In 2008 only two states allowed voters to register online. By the 2012 election 13 states had online registration systems up and running. Currently, at least 14 additional states are considering legislation that would allow online registration, according to the organization Nonprofit Vote.
Four additional states -- Connecticut, Georgia, Hawaii and now Virginia-- have passed legislation facilitating online voter registration, but they have not yet begun registering voters electronically. Connecticut’s law takes effect on January 1, 2014.
Virginia Governor Bob McDonnell made his state the 16th to pass a law providing for paperless, online voter registration when he signed newly approved legislation earlier this month. And in New Mexico, Governor Susana Martinez signed a new law permitting voters to update existing registration records electronically.
Online registration has been seen to help boost registration rates among young voters. Since Arizona pioneered online registration in 2002, the registration rate for 18-24 year olds has risen from 28% to 53%. Today, over 70% of Arizona's registrations are submitted online.
In California, during the five weeks leading up to the registration deadline, more than one million voters submitted online registration applications or updates. More than 60% of users were under the age of 35.
In Ohio, previously registered voters were allowed to update their registration information online and more than 100,000 individuals did so in the two months before the registration deadline--one-third in the week prior to the deadline and 13,000 alone on the day before registration closed.
In Oregon, which has allowed online registration since 2010, nearly 20,000 voters registered online on the state's deadline.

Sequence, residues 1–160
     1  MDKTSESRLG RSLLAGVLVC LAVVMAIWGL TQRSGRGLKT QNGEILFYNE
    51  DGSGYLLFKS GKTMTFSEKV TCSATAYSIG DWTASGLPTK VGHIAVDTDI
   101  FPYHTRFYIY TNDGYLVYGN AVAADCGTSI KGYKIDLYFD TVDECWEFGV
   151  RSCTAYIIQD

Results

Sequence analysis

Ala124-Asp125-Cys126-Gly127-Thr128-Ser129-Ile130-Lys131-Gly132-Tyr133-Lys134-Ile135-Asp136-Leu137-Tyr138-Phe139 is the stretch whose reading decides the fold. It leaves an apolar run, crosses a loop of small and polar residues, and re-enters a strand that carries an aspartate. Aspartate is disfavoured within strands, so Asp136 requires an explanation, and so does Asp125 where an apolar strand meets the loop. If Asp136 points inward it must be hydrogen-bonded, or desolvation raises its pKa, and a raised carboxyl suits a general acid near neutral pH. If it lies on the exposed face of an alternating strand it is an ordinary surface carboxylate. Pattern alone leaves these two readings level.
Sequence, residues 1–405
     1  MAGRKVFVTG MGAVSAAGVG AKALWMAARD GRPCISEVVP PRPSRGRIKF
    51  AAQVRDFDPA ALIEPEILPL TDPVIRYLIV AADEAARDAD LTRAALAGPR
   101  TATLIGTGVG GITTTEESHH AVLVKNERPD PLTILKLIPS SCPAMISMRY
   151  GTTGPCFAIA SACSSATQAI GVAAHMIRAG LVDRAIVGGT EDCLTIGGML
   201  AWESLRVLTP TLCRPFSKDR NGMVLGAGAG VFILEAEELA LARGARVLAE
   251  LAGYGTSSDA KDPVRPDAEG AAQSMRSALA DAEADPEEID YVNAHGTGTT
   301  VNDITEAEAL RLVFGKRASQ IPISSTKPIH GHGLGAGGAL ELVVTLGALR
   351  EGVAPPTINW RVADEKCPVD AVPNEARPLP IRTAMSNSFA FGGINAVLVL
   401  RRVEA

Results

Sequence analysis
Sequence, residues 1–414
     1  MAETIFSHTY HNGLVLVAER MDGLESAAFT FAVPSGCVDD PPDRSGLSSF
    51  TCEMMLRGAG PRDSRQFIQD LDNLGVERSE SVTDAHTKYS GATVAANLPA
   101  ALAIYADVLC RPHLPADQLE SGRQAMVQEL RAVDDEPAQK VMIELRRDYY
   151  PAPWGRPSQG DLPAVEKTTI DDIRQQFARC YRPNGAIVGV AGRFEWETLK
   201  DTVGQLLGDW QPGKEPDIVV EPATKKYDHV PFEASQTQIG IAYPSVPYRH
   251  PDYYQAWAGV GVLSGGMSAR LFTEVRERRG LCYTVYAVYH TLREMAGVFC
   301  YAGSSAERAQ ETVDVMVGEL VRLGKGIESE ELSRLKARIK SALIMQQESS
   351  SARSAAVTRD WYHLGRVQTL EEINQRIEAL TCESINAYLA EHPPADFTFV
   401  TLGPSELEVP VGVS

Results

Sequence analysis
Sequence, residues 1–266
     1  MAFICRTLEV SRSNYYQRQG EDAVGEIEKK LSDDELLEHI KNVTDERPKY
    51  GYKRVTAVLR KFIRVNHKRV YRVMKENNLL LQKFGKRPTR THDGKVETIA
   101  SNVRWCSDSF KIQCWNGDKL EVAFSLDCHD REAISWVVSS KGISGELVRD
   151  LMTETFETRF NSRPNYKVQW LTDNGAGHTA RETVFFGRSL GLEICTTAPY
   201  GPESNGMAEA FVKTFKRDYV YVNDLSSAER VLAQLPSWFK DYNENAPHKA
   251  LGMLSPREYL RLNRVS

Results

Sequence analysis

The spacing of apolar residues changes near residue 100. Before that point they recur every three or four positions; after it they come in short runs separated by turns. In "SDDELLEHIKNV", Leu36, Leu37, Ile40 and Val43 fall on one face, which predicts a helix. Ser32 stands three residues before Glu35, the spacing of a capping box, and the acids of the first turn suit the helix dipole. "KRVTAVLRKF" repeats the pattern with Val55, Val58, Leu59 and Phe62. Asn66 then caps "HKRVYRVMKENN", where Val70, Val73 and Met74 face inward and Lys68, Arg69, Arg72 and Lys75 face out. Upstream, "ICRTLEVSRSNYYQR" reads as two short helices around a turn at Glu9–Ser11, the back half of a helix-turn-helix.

Connecticut’s online registration law, passed by the state legislature in 2012 at the urging of Secretary of the State Denise Merrill and Governor Malloy, will create an interface between the state’s existing Centralized Voter Registration System and the database housed at the state Department of Motor Vehicles that would verify the identity of a voter wishing to register online prior to approval by the local Registrar of Voters. Online registration takes effect next January.
Another reform - Election Day registration – that was part of the same legislation approved last year, will go into effect on July 1, 2013, in time for the 2013 municipal elections. Online registration will be available for the 2014 election cycle, which includes the election of Governor and the state’s legislative seats.
In Arizona, the costs associated with an online registration are just 3 cents compared to 83 cents for a paper registration. Online registration also reduces data entry errors and can lead to more accurate voter rolls, streamlining the Election Day experience for both voters and election officials, Nonprofit Vote points out.